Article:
Over the last decade, maternal mortality has decreased and girls’ enrollment in secondary school has considerably increased, but many discriminatory laws in 178 countries which host 2.4 billion working-age women hold them back from fully participating in the economy. In the last two years, as a consequence of the COVID-19 pandemic, significantly fewer Ugandan girls than boys returned to school after pandemic-related closures, and a majority of Bangladeshi girls have reported spending less time on education.
Note: For an interactive version of the visual, visit the World Bank Gender Data Portal.
Source: WHO, UNICEF, UNFPA, World Bank Group, and the United Nations Population Division. Trends in Maternal Mortality: 2000 to 2017. Geneva, World Health Organization, 2019. Data retrieved from World Bank Gender Data Portal.
We know about these and many other advancements and setbacks in the lives of women and girls because we have relevant gender data that provide these crucial insights. Gender data are a form of women and girls’ empowerment and knowing how to read and act on these data can accelerate gender equality. This is why it is important to present gender data in an easily accessible and actionable format that is useful to different stakeholders, from policymakers and gender advocates to researchers and journalists.
The World Bank Group has redesigned its Gender Data Portal with these audiences in mind by offering over 900 gender indicators in different formats, ranging from raw data to appealing visualizations and stories. It will highlight existing gender gaps as well as gaps in the availability of gender data.
Despite efforts to improve gender statistics, there are still large gaps in existing gender data. The World Bank Group has scaled up commitments and expanded partnerships to improve the collection, access, sharing, and use of sex-disaggregated data over the last several years. We are also investing in several statistical operations to expand the availability of gender data and close different types of data gaps that arise as outlined below. For example, the Strengthening Gender Statistics project aims to close gender data gaps in national statistical systems through direct partnerships with 12 national statistical offices over the next two years to increase the availability, quality, and relevance of gender data related to men’s and women’s economic outcomes.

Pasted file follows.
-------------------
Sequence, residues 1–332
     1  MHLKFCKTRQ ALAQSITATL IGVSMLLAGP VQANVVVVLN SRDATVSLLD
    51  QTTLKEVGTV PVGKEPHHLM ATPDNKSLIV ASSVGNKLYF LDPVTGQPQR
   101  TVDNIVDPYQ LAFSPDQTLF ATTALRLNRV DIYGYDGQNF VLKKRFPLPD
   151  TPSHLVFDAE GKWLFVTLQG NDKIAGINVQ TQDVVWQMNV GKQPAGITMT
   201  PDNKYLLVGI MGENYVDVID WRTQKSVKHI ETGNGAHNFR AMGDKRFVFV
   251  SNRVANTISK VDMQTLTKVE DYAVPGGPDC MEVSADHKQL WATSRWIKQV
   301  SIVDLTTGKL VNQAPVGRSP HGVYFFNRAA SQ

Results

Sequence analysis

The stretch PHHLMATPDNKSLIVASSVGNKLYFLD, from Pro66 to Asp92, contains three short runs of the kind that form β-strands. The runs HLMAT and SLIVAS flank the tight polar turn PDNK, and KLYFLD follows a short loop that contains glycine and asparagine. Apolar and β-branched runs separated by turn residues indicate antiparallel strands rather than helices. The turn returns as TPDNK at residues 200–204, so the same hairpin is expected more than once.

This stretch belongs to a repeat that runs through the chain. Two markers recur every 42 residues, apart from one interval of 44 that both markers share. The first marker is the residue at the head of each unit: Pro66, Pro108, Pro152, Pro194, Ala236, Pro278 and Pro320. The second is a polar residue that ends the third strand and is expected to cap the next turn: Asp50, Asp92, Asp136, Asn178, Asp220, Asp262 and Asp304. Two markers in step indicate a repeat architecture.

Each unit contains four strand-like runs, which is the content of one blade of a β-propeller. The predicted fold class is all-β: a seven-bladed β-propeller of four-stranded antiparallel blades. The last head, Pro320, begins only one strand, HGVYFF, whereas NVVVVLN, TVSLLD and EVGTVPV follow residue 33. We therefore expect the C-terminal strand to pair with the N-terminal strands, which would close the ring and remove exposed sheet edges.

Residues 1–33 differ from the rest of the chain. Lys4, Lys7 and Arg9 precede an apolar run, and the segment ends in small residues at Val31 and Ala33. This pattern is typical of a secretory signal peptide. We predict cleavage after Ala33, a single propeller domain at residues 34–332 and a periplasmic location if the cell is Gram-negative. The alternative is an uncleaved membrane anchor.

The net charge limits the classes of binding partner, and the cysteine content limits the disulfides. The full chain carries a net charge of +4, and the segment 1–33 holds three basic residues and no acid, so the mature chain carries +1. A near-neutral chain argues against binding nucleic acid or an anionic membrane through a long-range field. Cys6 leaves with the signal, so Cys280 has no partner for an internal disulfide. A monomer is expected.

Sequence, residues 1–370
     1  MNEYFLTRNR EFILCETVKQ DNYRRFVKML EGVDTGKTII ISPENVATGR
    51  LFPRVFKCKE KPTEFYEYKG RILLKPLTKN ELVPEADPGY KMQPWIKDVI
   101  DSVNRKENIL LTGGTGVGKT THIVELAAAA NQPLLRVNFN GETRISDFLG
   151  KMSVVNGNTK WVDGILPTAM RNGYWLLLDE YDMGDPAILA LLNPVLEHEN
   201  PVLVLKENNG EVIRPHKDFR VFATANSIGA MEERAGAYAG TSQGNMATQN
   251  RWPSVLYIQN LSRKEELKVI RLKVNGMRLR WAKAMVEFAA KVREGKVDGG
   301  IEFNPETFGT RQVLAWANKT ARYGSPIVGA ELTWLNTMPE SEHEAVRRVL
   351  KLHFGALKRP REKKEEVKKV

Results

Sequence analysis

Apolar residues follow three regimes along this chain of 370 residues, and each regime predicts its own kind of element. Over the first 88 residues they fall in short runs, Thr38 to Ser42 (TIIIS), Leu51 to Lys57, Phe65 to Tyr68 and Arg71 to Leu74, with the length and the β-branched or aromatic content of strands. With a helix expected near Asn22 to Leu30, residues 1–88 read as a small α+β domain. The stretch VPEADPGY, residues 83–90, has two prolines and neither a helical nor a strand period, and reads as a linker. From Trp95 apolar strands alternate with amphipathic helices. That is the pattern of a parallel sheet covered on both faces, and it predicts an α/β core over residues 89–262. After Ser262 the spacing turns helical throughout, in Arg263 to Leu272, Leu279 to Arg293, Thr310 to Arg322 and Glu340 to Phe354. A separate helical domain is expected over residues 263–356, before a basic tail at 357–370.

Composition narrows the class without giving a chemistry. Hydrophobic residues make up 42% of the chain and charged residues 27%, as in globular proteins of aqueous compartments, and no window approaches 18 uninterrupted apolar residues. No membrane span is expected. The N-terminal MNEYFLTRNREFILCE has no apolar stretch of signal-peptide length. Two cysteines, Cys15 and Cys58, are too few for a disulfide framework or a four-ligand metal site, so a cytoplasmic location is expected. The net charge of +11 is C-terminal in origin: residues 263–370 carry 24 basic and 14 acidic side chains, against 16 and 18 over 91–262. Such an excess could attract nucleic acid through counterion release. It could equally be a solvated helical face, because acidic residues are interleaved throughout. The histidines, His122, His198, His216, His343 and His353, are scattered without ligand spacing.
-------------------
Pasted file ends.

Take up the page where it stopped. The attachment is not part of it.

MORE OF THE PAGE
Data gaps arise due to various reasons…
…and require a holistic approach to be narrowed and closed
This initiative capitalizes on the Bank’s recent efforts, such as the Living Standards Measurement Study - Plus Initiative and the Women’s Work and Employment Partnership, which are designed to improve the availability and quality of individual-disaggregated survey data on economic outcomes, including asset ownership and control, employment, and entrepreneurship. Beyond data collection, the Measures for Advancing Gender Equality (MAGNET) initiative seeks to develop improved survey methods for measuring men’s and women’s control over assets, time use, and agency while the Women’s Empowerment Metric for National Statistical Systems (WEMNS) is developing a scale and associated fieldwork protocols to measure empowerment at the individual level in national household and farm surveys (including those supported by the 50x2030: Data-Smart Agriculture Initiative). These additional data will be added to the Gender Data Portal as they become available.
This endeavor could not be timelier, considering the world still has a way to go to achieve gender equality, especially now as countries work towards economic recovery. Data also show that the COVID-19 pandemic has hit women much harder than men and that women risk losing many hard-won gains. “gender dividend” of $172 trillion, which is nearly two times the world’s annual GDP.If these gender gaps were addressed, the world could achieve a
This is why leveraging more and better gender data and statistics is vital to effectively direct resources toward designing policies that can improve the lives of both women and men.
We have designed the Gender Portal to be useful to different audiences. Our primary goal is to reach policymakers to use gender data for evidence-based policymaking. But we also wanted to ensure that gender data are accessible to other stakeholders, such as civil society organizations, researchers, data specialists, and journalists, who can engage with these data, relaying them further to their constituents and communities so that new gender conversations can spark policy discussions and reforms.
Gender data can be the evidence that policymakers need to put in place inclusive, gender-sensitive policies that will allow girls and women to achieve their full potential, to Accelerate Equality!